Emergency car shopping is no fun. This past month was the second time I had to shop for a car in a short timeframe without advance warning. Like most informed shoppers, I went online to get a feel for my options, armed with knowledge of what I was looking for: apart from safety, gas mileage and reliability, it had to comfortably seat six and not require me to take out a second mortgage.
I felt like a persona out of a scenario that I had role-played a few years ago when our UX team conducted a global UX benchmarking project for General Motors. That year, a JD Power consumer satisfaction study revealed that 68% of GM’s US websites were below the industry average, with two in the bottom 10%. This time, though, the experience was personal and made me think about the lessons to be learned from the experience of shopping for a car online that could be applied to any website.
We’d like to believe that we use established design patterns for common elements on the Web. We know what buttons should look like, how they should behave and how to design the Web forms that rely on those buttons. And yet, broken forms, buttons that look nothing like buttons, confusing navigation elements and more are rampant on the Web. It’s a boulevard of broken patterns out there.
This got me thinking about the history and purpose of design patterns and when they should and should not be used. Most interestingly, I started wondering when breaking a pattern in favor of something different or better might actually be OK. We all recognize and are quick to call out when patterns are misused. But are there circumstances in which breaking the rules is OK? To answer this question properly, let’s go back to the beginning.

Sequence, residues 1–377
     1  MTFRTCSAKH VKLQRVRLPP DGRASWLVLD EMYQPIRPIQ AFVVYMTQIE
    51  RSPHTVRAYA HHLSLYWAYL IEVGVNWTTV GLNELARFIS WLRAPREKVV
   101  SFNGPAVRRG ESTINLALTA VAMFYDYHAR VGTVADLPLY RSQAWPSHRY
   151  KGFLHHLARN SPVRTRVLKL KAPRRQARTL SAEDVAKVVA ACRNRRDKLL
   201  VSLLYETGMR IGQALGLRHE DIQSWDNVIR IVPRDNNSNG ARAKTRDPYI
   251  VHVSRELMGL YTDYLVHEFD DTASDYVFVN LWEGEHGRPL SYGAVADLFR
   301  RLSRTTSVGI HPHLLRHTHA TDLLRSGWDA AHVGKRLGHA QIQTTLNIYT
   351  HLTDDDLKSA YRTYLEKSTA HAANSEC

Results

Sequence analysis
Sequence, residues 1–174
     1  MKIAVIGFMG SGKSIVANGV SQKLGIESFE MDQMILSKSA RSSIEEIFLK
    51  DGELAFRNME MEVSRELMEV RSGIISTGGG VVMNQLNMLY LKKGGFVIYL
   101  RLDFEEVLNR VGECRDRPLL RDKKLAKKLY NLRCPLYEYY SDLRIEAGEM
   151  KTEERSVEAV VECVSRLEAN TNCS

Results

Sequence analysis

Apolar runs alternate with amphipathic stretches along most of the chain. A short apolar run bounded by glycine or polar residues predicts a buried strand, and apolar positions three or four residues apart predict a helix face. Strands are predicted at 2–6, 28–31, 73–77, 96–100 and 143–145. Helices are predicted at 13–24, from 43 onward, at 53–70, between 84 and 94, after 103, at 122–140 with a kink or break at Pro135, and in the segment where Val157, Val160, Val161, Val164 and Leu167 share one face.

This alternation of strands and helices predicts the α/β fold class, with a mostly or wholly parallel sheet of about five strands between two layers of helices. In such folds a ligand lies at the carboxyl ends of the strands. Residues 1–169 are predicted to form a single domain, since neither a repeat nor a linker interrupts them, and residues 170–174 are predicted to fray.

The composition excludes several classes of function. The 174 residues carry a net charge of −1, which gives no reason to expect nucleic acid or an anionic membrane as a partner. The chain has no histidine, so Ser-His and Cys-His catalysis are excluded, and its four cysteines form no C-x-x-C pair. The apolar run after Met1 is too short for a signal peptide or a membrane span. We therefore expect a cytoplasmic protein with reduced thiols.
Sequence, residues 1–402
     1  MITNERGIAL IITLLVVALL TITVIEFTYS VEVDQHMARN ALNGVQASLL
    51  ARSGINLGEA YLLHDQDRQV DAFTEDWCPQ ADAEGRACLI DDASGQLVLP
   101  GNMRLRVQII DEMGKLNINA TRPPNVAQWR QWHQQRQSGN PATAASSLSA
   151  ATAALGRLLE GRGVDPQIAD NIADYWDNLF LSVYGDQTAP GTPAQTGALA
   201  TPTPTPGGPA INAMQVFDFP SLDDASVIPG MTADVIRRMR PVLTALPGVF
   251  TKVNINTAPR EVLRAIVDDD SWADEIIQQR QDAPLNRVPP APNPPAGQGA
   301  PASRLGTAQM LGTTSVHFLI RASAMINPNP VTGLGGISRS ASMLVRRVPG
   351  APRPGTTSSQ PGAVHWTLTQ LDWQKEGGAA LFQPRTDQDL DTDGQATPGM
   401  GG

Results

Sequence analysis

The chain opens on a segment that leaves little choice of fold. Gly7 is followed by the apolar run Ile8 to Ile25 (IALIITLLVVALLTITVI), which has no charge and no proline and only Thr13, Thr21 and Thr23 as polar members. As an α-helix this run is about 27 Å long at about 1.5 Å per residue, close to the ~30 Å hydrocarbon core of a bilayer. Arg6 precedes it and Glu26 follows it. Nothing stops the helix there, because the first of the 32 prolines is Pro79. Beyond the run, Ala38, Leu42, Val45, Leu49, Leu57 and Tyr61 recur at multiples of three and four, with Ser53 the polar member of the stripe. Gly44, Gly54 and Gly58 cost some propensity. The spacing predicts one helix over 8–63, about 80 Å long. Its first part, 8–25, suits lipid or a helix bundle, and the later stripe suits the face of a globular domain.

The story of usability is a perverse journey from simplicity to complexity. That's right, from simplicity to complexity—not the other way around.
If you expect a "user-friendly" introduction to usability and that the history of usability is full of well-defined concepts and lean methods, you're in for a surprise. Usability is a messy, ill-defined, and downright confusing concept. The more you think about it—or practice it—the more confusing it becomes.
In my nearly two decades as an information architect, I’ve seen my clients flush away millions upon millions of dollars on worthless, pointless, “fix it once and for all” website redesigns. All types of organizations are guilty: large government agencies, Fortune 500s, not-for-profits and (especially) institutions of higher education. [Links checked February/18/2017]
Worst of all, these offending organizations are prone to repeating the redesign process every few years like spendthrift amnesiacs. Sadly, redesigns rarely solve actual problems faced by end users. I’m frustrated because it really doesn’t have to be this way. Let’s look at why redesigns happen, and some straightforward and inexpensive ways we might avoid them.
The gaming industry is huge, and it can keep its audience consumed for hours, days and even weeks. Some play the same game over and over again — and occasionally, they even get out their 15-year-old Nintendo 64 to play some Zelda.
Now, I am not a game designer. I actually don’t even play games that often. I am, though, very interested in finding out why a game can keep people occupied for a long period of time, often without their even noticing that they’ve been sitting in front of the screen for hours. I want my apps and products to affect my visitors in the same way.